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# When to use `with` for bounding type parameters instead of `<:` or `<:<` in Scala?

In another question, I'm advised to use `with` in a place where one normally uses `<:` or `<:<`. So instead of defining functions in either of the following two ways:

``````scala> def f[A,C <: Seq[A]](xs: C) = 0
f: [A, C <: scala.collection.immutable.Seq[A]](xs: C)Int

scala> f(List(1))
<console>:54: error: inferred type arguments [Nothing,List[Int]] do not conform to method f's type parameter bounds [A,C <: scala.collection.immutable.Seq[A]]
f(List(1))
^

scala> implicit def f[A,C](xs: C)(implicit ev: C <:< Seq[A]) = new { def foo = 0 }
f: [A, C](xs: C)(implicit ev: <:<[C,scala.collection.immutable.Seq[A]])java.lang.Object{def foo: Int}

scala> List(0) foo
<console>:54: error: Cannot prove that List[Int] <:< scala.collection.immutable.Seq[A].
List(0) foo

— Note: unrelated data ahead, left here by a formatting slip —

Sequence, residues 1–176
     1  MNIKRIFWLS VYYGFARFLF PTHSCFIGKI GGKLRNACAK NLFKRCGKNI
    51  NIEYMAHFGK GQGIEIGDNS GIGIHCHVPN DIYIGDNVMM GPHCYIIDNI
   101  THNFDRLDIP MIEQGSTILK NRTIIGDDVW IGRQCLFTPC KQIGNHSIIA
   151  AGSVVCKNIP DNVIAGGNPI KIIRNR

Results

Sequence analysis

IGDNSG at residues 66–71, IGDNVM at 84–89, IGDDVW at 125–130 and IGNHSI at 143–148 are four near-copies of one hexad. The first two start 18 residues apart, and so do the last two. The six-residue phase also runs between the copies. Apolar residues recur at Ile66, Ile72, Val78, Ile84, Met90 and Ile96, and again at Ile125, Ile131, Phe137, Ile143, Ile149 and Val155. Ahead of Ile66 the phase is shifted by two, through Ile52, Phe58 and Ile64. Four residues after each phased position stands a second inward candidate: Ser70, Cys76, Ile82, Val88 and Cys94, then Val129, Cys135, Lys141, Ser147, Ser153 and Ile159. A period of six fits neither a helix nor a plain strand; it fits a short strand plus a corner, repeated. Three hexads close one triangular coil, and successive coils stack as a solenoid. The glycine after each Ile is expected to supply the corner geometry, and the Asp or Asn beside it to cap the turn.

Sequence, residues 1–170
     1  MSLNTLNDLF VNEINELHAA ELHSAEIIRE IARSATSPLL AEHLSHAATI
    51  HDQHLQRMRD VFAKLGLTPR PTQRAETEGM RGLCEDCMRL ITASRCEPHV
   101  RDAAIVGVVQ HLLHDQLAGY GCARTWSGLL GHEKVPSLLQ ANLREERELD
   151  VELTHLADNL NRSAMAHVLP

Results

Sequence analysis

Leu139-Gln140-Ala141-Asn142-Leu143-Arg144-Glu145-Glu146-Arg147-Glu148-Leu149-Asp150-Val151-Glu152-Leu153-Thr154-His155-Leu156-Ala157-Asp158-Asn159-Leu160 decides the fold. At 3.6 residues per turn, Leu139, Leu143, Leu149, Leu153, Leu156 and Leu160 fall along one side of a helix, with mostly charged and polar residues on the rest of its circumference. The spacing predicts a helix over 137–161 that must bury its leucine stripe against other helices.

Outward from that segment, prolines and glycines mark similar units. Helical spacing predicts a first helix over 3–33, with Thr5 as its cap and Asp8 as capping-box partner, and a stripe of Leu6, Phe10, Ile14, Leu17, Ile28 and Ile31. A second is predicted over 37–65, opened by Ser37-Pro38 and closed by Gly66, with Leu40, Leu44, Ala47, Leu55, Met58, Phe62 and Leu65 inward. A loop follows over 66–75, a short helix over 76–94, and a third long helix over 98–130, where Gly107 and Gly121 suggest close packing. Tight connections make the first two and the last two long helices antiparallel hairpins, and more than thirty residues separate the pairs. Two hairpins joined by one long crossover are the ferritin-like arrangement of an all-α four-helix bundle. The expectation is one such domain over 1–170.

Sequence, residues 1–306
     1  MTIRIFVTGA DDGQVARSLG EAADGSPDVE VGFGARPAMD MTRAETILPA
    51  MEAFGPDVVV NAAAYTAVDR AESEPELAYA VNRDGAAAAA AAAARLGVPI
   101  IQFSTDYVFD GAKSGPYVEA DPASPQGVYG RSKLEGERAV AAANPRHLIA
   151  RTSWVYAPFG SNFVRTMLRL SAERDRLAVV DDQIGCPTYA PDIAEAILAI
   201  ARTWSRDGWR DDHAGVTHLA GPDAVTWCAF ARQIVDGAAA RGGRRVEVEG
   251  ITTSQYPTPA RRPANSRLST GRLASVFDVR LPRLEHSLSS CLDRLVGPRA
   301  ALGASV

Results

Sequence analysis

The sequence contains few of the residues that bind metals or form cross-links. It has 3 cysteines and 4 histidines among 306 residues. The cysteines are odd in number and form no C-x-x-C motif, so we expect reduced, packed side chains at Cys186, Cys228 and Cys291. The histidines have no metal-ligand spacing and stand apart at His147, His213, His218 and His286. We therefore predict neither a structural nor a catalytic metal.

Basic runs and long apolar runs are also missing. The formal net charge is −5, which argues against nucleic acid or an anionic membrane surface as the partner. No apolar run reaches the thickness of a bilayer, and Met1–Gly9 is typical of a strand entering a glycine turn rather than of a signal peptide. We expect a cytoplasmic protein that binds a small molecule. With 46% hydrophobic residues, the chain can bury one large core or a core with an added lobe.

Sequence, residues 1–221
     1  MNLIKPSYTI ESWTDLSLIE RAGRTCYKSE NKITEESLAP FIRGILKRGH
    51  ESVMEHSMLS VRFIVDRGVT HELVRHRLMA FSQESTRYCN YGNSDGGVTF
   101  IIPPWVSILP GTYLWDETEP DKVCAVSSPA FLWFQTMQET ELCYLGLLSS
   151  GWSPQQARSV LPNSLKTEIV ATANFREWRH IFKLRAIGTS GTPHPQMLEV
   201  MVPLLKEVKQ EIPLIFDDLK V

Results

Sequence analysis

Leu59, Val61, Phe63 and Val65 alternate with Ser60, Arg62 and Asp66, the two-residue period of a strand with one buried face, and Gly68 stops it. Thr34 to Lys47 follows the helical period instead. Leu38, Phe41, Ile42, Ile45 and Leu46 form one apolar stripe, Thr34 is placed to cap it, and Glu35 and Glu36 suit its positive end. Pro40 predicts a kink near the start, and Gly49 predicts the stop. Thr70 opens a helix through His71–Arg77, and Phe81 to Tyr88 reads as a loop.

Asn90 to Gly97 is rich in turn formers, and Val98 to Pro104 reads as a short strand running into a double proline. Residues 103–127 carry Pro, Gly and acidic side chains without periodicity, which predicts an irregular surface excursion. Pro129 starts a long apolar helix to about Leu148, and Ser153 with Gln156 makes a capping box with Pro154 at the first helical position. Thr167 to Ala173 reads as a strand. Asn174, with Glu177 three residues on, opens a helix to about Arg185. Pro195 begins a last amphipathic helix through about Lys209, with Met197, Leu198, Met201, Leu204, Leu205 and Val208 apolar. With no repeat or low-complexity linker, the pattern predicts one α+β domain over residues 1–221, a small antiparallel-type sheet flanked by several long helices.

^

scala> f(List(0)) foo
res17: Int = 0
``````

One can do:

``````scala> implicit def f[A,C](xs: C with Seq[A]) = new { def foo = 0 }
f: [A, C](xs: C with scala.collection.immutable.Seq[A])java.lang.Object{def foo: Int}

scala> List(0) foo
res18: Int = 0
``````

My question is: besides the above particular case, when should one use `with` instead of `<:` or `<:<` on the type parameter? Why not always use `with` instead? I'm looking for a discussion of the nuances among the alternatives here. Thanks.

-

The meanings are entirely different. `C <: Seq[A]` means that `C` is a subtype of `Seq[A]`, as you know; `xs: C with Seq[A]` doesn't put any bound on `C`, but means that `xs` should be both a `C` and a `Seq[A]`. Therefore you should normally use the one you actually mean.

In `def f[A,C <: Seq[A]](xs: C)` the problem is that Scala's compiler can't infer `A` because it doesn't appear explicitly in the type of arguments. I don't see any reason in principle it couldn't infer `A`; it just doesn't currently. Replacing the type with `C with Seq[A]` means `A` now appears in the type of `xs` and allows the compiler to infer `A`. So if you really mean the bound, but `A` to be inferred, you actually need to write

``````implicit def f[A,C <: Seq[A]](xs: C with Seq[A])
``````

Huh? `C` is solved to be the most specific type, which - since we are constraining `C` to be a `Seq[A]` - means `C <: Seq[A]`, thus putting a bound on `C`. – Yang Dec 12 '11 at 22:14
No, you aren't constraining `C` at all. With your definition, you can call, e.g., `f[Int, Object](Seq[Int]())`. – Alexey Romanov Dec 13 '11 at 8:57